I would expect Lindsey to move on from the asset accumulation phase to the playoff contention phase before the start of the 2016-17 season. At that point, most of our starters should be set for 3-4 years at a time, and our 6th-9th players should be fairly consistent as well. 1st round draft picks (likely to be in the 20s) are useful in one of two ways, as end of the bench players that hopefully work themselves into the rotation (like Tiago Splitter and George Hill did), or as trade pieces.
GOAL: Utilize statistics to better determine how players can be used/improved
Everything before this is just a way to to create a stable environment for players to find success (based on the Spurs franchise). Once Lindsey has a functioning system in place he can start making tweaks to improve that system. This is where the Jazz can start being revolutionary. This is also where it becomes difficult to predict. Several coaches (Stan Van Gundy, to name one) have pointed out that advanced statistics are very useful, but only if placed in context. Right now, the SportsVu system is great at giving teams information, but we have yet to see how well that information can be contextualized to improve player performance. I expect that Lindsey will be working closely with the new coaching staff to determine what information is useful to them.
This process will constantly be evolving as rules change and more detailed information becomes available. At some point, we may see players pulled for certain amounts of time because the team sees signs of potential injury, or maybe we'll see certain players brought in, not because of their basketball skills, but because their interpersonal skills sway the referees.
GOAL: Broaden the appeal of the Jazz franchise to both players and fans
Ultimately, the NBA is a business and the Jazz front office is looking to maximize the amount of money the team generates. This is both a good and a bad thing. The bad side usually manifests itself in salary dumps (immediate savings) and perpetual borderline playoff teams (extra revenue from ticket sales). The good part about the business side of the NBA is that there's even more money in being really good. Since the Jazz are a small market, they have to be good in order to break even, and great to really make money. On occasion, small market teams can put out a sub-par product and still make money by selling hope/potential/personalities, but it's not sustainable (as evidenced by the Kings, Bucks, and maybe the Cavs). The Jazz have reached the point where promises aren't enough and fans are looking for more. Lindsey has bought himself a little time by replacing Corbin with Snyder, but unless the team starts performing, he'll soon be out of a job.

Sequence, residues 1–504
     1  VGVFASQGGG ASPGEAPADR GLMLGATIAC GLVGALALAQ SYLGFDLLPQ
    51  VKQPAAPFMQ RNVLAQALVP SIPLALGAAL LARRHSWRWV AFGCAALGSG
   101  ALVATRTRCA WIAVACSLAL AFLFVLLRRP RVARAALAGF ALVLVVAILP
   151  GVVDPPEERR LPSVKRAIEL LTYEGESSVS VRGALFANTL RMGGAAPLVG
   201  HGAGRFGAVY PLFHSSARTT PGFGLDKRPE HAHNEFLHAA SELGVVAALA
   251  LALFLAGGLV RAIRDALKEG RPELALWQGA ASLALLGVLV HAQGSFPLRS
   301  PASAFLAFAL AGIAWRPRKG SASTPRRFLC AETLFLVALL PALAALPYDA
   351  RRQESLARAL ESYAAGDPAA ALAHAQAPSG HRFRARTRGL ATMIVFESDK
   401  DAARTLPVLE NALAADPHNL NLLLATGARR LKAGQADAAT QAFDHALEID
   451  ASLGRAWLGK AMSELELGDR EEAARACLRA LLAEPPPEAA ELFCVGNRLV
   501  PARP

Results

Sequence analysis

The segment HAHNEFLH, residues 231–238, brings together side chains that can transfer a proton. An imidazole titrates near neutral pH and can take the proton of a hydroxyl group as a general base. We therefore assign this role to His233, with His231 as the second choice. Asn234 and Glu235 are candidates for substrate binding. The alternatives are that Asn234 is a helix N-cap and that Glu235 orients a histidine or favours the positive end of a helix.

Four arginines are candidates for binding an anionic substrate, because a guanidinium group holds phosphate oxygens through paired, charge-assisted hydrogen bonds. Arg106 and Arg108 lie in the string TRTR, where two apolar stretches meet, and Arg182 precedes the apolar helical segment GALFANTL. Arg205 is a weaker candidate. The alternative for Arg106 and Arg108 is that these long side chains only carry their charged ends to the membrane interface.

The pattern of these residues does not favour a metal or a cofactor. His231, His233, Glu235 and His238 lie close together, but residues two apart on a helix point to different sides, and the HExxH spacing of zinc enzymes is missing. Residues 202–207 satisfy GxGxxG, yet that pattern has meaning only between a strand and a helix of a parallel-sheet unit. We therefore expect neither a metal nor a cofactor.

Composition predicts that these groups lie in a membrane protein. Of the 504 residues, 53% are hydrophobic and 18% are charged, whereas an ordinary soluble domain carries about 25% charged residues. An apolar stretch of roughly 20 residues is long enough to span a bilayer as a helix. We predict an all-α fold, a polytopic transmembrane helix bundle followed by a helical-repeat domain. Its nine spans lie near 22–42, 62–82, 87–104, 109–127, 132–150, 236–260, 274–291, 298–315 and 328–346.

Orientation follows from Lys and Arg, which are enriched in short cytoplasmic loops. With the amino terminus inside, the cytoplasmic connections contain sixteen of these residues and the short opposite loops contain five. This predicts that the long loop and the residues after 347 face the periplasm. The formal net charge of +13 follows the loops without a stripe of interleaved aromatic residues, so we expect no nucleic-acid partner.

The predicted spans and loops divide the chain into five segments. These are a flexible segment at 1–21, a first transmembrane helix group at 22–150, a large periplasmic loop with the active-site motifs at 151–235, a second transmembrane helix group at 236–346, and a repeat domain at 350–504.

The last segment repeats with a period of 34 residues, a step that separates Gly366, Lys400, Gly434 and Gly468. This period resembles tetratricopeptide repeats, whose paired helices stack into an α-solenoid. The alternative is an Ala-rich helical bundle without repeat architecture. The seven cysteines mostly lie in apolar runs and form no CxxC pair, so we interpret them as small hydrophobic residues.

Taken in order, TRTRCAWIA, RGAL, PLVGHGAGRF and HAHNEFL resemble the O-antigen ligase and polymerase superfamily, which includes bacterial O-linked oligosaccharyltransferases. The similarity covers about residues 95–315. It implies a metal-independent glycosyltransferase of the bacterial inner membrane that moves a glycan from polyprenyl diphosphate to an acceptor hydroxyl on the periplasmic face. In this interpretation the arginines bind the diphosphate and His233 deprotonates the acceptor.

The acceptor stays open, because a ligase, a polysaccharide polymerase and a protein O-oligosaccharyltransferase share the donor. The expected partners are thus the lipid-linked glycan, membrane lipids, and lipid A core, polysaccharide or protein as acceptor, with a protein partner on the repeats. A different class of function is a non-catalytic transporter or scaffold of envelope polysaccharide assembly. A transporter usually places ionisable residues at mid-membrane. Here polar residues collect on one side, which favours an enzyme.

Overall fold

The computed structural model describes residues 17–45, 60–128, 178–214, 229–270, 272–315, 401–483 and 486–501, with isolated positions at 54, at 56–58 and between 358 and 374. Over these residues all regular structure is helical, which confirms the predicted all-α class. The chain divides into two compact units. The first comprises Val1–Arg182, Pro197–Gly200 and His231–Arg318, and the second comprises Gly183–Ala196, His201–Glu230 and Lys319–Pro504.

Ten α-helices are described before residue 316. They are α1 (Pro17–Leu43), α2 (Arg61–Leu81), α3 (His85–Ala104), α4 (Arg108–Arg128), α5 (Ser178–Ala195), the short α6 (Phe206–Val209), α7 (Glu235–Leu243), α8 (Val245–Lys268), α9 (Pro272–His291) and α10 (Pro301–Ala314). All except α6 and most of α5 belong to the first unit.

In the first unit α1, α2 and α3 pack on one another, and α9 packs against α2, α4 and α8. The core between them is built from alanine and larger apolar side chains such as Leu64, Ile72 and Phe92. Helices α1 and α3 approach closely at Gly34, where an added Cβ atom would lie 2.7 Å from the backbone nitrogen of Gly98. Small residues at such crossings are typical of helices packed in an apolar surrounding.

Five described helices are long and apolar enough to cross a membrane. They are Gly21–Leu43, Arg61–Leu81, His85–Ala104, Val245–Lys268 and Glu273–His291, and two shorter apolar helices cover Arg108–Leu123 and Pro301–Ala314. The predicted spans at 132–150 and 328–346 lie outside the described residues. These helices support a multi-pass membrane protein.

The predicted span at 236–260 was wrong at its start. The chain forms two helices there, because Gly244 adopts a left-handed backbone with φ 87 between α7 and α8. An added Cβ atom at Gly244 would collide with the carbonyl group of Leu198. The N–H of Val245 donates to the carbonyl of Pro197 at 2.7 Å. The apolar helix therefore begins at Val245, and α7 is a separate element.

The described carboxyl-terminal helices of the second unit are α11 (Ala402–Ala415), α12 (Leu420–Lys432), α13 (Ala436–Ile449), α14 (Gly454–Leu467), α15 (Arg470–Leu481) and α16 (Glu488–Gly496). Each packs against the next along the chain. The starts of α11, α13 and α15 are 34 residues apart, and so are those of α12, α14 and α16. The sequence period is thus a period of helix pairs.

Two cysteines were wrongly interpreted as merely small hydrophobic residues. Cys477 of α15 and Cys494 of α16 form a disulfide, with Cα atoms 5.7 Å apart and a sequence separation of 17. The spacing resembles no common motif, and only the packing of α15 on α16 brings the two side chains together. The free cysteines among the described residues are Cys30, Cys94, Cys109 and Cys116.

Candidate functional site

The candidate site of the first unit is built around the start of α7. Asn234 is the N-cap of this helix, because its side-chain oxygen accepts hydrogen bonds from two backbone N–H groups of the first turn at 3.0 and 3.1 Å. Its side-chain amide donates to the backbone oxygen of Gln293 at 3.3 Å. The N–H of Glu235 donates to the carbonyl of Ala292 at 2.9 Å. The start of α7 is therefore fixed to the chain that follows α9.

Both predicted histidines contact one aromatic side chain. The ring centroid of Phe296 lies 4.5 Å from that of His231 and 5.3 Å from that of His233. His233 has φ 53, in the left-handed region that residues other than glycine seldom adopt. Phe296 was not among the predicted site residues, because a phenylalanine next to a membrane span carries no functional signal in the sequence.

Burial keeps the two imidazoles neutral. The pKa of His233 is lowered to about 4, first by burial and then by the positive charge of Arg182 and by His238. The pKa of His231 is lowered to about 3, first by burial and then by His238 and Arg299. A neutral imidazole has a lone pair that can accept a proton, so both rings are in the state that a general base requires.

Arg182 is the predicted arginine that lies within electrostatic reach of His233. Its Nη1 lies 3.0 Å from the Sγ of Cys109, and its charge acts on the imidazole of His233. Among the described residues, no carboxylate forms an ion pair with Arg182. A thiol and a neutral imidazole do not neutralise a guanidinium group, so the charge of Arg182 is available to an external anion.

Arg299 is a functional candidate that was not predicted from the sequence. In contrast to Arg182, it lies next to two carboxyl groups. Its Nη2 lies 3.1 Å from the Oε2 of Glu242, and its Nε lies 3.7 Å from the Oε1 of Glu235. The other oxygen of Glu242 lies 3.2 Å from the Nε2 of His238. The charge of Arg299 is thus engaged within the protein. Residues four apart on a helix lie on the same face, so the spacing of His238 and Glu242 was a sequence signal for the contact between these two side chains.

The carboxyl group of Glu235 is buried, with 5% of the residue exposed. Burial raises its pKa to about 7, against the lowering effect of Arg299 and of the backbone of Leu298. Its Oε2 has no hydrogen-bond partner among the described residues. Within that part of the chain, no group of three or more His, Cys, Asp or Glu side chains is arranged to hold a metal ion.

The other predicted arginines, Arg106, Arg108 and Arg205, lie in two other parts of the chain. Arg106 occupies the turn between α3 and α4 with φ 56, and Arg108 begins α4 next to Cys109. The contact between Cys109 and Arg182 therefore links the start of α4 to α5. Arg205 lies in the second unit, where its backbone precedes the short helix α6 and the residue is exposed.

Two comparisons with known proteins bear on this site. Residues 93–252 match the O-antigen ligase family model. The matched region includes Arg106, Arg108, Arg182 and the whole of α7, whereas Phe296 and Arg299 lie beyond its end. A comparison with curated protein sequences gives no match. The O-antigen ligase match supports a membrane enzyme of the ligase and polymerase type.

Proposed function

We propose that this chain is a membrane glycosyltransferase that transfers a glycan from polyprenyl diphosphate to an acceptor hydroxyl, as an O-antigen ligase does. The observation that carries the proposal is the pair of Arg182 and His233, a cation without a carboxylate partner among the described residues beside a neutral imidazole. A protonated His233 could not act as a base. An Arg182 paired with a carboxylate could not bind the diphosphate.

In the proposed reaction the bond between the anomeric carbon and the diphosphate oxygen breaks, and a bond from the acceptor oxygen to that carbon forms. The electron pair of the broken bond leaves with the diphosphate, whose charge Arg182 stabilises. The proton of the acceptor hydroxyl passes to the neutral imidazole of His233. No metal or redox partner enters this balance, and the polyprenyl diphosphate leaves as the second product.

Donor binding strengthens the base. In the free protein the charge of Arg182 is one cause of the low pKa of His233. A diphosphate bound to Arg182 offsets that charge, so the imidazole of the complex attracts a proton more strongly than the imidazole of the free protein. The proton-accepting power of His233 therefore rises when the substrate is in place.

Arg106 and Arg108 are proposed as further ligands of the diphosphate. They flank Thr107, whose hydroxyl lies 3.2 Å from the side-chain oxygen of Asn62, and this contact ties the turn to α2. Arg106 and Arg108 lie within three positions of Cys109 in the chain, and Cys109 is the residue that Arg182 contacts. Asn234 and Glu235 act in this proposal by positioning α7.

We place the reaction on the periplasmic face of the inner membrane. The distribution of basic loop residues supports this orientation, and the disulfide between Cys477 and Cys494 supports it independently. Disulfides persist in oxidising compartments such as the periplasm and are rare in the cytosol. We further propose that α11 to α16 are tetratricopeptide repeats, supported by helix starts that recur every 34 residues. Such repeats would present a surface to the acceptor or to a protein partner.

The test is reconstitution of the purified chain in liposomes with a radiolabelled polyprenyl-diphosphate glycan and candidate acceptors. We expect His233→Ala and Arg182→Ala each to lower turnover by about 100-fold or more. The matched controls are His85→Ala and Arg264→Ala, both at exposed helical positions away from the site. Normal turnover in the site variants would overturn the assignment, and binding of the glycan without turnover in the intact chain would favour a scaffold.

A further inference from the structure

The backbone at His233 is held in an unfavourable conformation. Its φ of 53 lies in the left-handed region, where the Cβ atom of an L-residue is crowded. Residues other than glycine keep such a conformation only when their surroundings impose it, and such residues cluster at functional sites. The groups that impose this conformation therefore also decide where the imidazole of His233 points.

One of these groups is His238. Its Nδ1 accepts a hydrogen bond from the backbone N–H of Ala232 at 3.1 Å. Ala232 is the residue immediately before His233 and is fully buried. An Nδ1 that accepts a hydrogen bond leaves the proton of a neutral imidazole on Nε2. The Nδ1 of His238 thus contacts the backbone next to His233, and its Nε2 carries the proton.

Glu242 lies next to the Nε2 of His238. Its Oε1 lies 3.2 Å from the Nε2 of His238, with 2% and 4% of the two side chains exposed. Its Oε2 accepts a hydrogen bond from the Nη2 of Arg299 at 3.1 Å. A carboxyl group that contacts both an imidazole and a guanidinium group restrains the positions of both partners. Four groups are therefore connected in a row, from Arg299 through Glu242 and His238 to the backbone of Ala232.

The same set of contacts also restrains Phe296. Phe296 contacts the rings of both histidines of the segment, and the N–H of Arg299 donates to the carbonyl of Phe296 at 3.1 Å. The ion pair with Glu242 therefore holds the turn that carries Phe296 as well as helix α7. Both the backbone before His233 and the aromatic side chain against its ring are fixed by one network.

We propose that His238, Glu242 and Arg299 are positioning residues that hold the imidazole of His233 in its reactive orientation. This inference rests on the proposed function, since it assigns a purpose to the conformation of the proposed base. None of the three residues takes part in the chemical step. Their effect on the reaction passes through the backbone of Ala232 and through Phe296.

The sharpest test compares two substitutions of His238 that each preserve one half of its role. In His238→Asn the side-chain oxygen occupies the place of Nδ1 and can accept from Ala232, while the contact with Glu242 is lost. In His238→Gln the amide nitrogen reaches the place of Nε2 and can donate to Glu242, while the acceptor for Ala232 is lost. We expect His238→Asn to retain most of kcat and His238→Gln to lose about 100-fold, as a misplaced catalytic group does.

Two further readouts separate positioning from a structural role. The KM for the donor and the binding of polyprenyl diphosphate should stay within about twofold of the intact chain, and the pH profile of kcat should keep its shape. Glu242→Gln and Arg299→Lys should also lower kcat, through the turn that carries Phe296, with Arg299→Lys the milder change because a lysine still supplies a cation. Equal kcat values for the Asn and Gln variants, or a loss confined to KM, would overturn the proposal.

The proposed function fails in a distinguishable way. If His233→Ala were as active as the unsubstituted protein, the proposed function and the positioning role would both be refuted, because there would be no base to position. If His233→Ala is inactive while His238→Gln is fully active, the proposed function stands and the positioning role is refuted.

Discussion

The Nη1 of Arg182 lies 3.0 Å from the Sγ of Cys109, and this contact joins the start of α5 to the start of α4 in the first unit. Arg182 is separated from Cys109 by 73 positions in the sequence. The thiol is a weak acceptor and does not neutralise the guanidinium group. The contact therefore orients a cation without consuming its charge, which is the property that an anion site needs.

To become a great team the Jazz need to have a great system and great players. Most of this post has been about building the system, but that won't be enough. The Jazz need to attract great players. The only way to guarantee that a player will come to the Jazz is through the draft, and DL has done a good job of positioning us to get some good to great players that way. The next best thing is a trade, which is where our assets come in. Our last chance is through free agency, which is the most difficult for us. We've done it before, both Boozer and Memo came here through free agency, though neither were very high profile at the time.
I see two ways to make Utah appealing to free agents, the first is to win, though if we're winning we won't need as many free agents. The second is to change how the NBA world views Utah. That's a lot harder, but may be more effective in the long run. Right now the Jazz have a reputation for being white and cold. The last few years may also have damaged the Jazz reputation due to players like Raja Bell and CJ Miles not being happy when they left. The way that some fans boo former Jazz players probably doesn't help. Lindsey can't do much about the cold, and he can't really change the population of Salt Lake, but he can certainly work on building relationships with players and their agents. He may even work at promoting former players in an effort to reduce the animosity shown toward them.
Anyway, that's where I see the Jazz heading, at least, I hope that that's where the Jazz are heading. I'm probably giving to much credit to Dennis Lindsey, since I have him in charge of everything from scouting to marketing, but I do feel like he at least has some say in everything.